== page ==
You can easily transfer slides and negatives to a computer by using a film scanner. This is a device that reads the slide or negative and converts it to a digital file. Unlike flatbed scanners, film scanners are designed specifically for slides and negatives. They range in price from a few hundred dollars to over £1,950, depending on the quality of the scanner and the features it offers.
Attach the scanner to your home computer using the included cables. Turn on your computer and install the software for the scanner, if you haven't already done so. Turn the scanner on, open the scanner program, and specify whether you are scanning negatives or slides.
Specify the resolution for the scanning process. Resolution refers to the amount of information the scan will record; the higher the resolution, the more information is recorded.
Don't confuse information with detail, however. The detail of the picture is already recorded in the slide; increasing the resolution reduces the amount of pixelation that occurs when you enlarge the picture. Therefore, you normally want to set the resolution as high as possible.
Some film scanners will scan at 2000 dpi (dots per inch) or higher. You wouldn't print at this resolution, though, as most prints are processed at 300 dpi. Scanning a slide at 2000 dpi produces a file of 3000 x 2000 dpi, which is equivalent to a 6-megapixel file.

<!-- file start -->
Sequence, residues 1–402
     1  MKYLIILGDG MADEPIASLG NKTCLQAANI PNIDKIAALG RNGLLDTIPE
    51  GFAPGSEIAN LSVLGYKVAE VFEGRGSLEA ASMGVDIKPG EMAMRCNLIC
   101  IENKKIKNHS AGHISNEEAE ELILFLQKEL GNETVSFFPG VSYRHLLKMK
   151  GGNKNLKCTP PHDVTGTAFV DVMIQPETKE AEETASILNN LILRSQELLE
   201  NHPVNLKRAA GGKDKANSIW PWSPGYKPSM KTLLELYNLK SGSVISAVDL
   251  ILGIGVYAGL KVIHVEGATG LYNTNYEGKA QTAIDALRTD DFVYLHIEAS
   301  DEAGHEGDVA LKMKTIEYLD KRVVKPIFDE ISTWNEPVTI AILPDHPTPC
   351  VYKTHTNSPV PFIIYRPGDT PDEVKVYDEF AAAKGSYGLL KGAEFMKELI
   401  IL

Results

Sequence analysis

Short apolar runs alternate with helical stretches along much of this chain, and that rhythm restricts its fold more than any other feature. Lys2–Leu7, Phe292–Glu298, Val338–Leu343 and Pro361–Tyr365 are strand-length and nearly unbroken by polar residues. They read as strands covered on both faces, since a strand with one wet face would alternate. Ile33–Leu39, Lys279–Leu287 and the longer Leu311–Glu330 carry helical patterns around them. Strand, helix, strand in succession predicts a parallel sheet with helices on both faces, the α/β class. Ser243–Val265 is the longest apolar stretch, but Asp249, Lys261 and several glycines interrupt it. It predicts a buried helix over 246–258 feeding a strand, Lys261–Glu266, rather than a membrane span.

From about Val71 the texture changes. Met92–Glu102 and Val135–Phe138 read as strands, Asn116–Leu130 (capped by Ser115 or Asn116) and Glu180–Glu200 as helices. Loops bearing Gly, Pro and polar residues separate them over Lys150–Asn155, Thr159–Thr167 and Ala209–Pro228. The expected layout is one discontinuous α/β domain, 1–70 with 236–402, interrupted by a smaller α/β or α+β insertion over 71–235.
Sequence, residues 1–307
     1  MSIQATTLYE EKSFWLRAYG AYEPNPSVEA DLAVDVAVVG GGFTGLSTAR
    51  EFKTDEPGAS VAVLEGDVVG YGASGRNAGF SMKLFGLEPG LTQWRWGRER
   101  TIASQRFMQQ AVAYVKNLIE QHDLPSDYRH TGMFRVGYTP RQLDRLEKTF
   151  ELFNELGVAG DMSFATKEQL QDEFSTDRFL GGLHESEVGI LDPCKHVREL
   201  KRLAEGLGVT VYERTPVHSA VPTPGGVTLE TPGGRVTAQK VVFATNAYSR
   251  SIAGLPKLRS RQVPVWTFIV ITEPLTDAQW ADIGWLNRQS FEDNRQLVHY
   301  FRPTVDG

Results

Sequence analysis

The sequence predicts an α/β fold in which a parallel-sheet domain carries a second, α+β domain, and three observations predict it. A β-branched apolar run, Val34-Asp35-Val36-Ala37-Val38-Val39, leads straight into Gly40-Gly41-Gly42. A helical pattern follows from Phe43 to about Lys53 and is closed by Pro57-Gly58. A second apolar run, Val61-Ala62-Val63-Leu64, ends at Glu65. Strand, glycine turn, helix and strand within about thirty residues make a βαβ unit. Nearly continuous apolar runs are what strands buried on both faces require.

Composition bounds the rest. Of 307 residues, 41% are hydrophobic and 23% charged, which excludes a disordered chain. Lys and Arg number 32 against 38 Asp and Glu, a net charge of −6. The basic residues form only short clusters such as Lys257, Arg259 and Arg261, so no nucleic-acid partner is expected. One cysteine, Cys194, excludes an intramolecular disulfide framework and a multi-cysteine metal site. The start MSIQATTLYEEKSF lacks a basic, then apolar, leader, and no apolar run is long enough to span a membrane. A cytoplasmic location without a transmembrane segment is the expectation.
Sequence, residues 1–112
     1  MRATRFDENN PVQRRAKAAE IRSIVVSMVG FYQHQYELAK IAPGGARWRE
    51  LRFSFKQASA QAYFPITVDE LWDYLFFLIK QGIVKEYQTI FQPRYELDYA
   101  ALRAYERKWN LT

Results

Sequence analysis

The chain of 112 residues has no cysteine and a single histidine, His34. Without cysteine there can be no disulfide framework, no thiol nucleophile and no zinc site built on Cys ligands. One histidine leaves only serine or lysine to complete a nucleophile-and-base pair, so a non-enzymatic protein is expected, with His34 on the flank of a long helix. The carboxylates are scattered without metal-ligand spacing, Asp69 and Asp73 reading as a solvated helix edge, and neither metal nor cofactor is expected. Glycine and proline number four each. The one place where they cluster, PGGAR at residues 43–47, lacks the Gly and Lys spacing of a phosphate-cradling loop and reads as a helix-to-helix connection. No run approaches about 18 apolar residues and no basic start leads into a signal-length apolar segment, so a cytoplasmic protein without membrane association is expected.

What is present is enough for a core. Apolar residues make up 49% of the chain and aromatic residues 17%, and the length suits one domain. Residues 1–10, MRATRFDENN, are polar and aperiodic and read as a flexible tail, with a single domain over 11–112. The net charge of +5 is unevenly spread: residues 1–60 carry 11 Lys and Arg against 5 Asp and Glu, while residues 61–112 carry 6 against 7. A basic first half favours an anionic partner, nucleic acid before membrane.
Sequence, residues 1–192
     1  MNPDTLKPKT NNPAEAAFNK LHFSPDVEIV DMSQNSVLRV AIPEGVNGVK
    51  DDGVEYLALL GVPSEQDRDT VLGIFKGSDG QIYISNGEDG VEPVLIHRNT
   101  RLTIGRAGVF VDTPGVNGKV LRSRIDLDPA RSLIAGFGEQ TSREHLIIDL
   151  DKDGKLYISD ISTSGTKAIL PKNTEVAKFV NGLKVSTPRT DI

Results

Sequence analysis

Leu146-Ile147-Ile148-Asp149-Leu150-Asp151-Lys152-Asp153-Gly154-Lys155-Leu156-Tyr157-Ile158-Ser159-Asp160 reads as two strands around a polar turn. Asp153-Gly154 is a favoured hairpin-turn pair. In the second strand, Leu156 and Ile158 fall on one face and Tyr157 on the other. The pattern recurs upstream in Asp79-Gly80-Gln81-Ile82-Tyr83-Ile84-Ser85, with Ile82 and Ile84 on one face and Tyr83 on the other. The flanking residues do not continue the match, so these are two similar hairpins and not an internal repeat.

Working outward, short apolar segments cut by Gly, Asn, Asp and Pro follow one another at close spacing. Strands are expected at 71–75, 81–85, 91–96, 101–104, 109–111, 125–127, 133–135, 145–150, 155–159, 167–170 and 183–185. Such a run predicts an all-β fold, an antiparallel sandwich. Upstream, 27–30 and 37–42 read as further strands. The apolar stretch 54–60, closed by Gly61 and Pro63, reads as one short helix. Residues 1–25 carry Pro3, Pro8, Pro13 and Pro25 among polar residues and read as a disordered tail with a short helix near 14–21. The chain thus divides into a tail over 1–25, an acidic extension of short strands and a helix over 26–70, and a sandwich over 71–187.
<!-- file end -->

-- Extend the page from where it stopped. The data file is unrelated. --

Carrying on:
Create a folder on your computer for the scanned images. Choose a descriptive name, and include the date.
Prepare the negatives and slides for scanning by cleaning them gently with an antistatic cloth. This specially treated cloth removes dust from your slides and negatives, and helps to reduce the amount of dust that will collect on them during the scanning process.
Place the slides or negatives into the scanner’s carrier tray. Insert the tray into the scanner and start the scanning process.
Save the scanned images into the folder you created in Step 3. It's best to save them as TIFF files. Because TIFF files are larger than JPEGs, they take up more room on your hard drive. However, they contain all the data from the scan, while JPEG files process and eliminate some of the data. Therefore, you get the most accurate results by scanning the originals as TIFFs, editing them, and saving the edited versions as JPEGs for printing or e-mailing to family and friends.
Some scanners automatically remove dust specks from the slides and negatives as they scan, which can save you time when editing the scanned images.
Scanning negatives and slides is not a quick process, especially at higher resolutions. If you have a significant number of photos to scan, you may want to approach a photo lab that offers the service and weigh their prices against the amount of personal time you will invest in scanning.
Tips and warnings
- Some scanners automatically remove dust specks from the slides and negatives as they scan, which can save you time when editing the scanned images.
- Scanning negatives and slides is not a quick process, especially at higher resolutions. If you have a significant number of photos to scan, you may want to approach a photo lab that offers the service and weigh their prices against the amount of personal time you will invest in scanning.